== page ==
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Zero-assumptions ZFS: how to actually understand ZFS

nikvdp profile image Nik Updated on ・11 min read

This is the first in a series of articles about ZFS, and is part of what I hope becomes an ongoing series here: the zero-assumptions write up. This article will be written assuming you know nothing about ZFS.

I’ve been interested in ZFS for a while now, but didn’t have a good reason to use it for anything. Last time I looked at it ZFS on Linux was still a bit immature, but in the past few years Linux support for ZFS has really stepped up, so I decided to give it another go. ZFS is a bit of a world unto itself though, with most resources walking you through some quick commands without explaining the concepts underlying ZFS, or assuming the user is very familiar with traditional RAID terminology.

Background

I keep one desktop machine in my house (running bedrock linux with an Ubuntu base and an Arch Linux strata on top) that acts, among other things, as a storage/media server. I keep photos and other digital detritus I’ve collected over the years there, and would be very sad if they were to disappear. I back everything up nightly via the excellent restic to the also excellent Backblaze B2, but since I have terabytes of data stored there I haven’t followed the cardinal rule of backing up: make sure that you can actually restore from your backups. Since testing that on my internet connection would take months, and I’m afraid of accidentally deleting data or drive failure, I decided to add a bit more redundancy.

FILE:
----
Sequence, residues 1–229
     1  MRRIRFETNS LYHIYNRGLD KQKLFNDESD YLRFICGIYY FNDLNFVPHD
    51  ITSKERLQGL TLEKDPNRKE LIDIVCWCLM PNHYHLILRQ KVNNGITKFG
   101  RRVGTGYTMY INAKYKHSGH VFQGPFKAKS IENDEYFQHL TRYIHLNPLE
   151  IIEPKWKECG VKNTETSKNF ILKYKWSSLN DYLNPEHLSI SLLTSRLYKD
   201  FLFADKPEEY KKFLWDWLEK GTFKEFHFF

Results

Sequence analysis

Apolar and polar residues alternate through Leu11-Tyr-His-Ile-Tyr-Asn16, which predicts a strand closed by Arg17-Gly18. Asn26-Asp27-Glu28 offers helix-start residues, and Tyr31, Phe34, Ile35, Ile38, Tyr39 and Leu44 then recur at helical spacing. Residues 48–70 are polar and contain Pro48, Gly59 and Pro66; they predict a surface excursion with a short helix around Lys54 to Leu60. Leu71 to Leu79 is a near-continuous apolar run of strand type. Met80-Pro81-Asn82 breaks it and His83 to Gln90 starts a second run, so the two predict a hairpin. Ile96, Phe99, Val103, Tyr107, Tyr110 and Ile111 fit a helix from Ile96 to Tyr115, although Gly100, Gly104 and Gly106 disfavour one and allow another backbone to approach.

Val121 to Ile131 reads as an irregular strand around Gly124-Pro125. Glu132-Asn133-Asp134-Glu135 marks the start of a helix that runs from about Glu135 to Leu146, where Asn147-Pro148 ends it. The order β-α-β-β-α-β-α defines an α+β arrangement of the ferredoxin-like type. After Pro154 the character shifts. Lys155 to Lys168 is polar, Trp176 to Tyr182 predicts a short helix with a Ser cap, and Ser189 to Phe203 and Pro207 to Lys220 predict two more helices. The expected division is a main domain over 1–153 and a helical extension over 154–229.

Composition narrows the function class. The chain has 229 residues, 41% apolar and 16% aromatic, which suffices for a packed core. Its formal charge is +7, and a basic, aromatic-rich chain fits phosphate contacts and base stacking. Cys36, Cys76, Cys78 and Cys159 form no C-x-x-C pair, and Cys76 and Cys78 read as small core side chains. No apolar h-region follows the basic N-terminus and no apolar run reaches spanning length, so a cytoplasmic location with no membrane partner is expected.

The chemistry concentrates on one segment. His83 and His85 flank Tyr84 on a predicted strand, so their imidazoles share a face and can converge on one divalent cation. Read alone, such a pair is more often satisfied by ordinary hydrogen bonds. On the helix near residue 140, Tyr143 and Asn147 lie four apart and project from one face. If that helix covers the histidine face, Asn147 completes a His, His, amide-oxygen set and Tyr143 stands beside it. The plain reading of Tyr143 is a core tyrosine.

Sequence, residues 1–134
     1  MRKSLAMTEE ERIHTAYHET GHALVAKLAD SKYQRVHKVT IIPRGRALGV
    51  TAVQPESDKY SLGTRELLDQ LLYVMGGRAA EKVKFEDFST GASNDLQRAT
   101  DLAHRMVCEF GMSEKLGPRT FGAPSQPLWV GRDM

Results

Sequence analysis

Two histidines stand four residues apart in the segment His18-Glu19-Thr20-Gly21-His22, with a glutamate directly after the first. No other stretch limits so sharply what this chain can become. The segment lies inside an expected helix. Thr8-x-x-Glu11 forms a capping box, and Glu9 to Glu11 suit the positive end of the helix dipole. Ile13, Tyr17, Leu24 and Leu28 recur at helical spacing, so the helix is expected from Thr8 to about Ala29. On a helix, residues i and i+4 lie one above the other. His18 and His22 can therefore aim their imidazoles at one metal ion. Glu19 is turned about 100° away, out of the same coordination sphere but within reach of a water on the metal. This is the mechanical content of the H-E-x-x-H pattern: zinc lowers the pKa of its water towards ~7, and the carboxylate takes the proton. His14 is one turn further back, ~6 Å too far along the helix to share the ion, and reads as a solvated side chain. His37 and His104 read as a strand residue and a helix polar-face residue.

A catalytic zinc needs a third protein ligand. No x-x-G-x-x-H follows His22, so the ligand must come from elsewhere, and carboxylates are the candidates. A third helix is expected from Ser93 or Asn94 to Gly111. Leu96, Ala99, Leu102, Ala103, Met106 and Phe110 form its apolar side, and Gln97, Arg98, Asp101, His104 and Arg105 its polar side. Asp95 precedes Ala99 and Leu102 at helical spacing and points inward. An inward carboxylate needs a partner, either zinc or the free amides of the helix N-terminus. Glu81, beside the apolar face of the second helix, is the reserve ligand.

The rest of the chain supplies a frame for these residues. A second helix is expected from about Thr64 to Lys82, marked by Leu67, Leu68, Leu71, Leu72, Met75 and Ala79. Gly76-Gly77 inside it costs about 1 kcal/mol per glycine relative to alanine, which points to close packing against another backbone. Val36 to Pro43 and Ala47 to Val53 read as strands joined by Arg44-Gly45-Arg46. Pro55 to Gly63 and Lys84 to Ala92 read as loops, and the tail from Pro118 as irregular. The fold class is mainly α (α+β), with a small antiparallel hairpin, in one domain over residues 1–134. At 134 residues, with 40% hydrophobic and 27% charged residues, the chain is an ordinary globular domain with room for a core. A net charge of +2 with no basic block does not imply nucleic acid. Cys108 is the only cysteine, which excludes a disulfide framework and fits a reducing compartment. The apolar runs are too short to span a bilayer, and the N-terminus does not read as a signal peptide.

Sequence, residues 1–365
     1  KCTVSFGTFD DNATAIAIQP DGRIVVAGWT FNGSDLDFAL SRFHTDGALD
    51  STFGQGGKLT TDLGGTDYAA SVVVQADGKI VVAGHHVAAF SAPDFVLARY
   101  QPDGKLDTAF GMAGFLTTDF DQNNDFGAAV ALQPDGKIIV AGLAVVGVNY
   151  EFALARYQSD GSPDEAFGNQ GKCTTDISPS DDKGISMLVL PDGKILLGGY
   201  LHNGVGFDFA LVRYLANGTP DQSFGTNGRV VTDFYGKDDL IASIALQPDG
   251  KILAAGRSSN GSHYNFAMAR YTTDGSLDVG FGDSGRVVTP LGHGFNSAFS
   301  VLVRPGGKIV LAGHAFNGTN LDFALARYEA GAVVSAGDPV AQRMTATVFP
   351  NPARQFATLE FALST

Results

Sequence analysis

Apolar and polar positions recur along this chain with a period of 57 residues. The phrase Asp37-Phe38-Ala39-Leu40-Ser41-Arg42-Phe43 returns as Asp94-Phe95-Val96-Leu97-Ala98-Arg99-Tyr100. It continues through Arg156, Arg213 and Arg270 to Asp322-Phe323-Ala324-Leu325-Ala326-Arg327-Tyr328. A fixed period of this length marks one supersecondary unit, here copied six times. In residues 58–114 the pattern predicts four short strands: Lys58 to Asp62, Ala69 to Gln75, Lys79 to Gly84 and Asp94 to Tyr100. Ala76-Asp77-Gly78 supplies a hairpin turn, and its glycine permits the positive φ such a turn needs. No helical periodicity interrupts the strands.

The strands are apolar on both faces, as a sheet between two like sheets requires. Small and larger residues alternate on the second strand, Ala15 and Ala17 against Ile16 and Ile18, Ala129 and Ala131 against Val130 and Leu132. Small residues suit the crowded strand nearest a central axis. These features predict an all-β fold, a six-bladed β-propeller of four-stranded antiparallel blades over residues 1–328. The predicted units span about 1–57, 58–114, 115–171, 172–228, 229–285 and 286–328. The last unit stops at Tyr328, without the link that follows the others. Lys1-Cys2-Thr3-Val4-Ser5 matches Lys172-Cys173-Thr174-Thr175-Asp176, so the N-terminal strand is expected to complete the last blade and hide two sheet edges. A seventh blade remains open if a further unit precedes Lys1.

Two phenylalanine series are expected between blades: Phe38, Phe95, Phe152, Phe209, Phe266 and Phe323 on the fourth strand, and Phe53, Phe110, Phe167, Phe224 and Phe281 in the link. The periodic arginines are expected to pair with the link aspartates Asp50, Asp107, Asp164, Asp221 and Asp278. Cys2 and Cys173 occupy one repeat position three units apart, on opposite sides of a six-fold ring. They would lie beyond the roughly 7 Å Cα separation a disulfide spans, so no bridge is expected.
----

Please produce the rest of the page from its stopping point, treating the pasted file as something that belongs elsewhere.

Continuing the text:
My server has 3 hard drives in it right now: one 4TB drive spinning disk drive, one 2TB drive spinning disk, and one 500GB SSD drive that holds the root filesystem. The majority of the data I want to keep is on the 2TB drive, and the 4TB drive is mostly empty. After doing some research (read: browsing posts on /r/datahoarder), it seems the two most common tools people use to add transparent redundancy are a snapraid + mergerfs combo, or the old standby, ZFS.

Installing ZFS on Linux

Getting ZFS installed on Linux (assuming you don’t try to use it as the root filesystem) is almost comically easy these days. On Ubuntu 16.04+ (and probably recent Debian releases too), this should be as straightforward as:

sudo apt install zfs-dkms zfs-fuse zfs-initramfs zfsutils-linux

Explanation: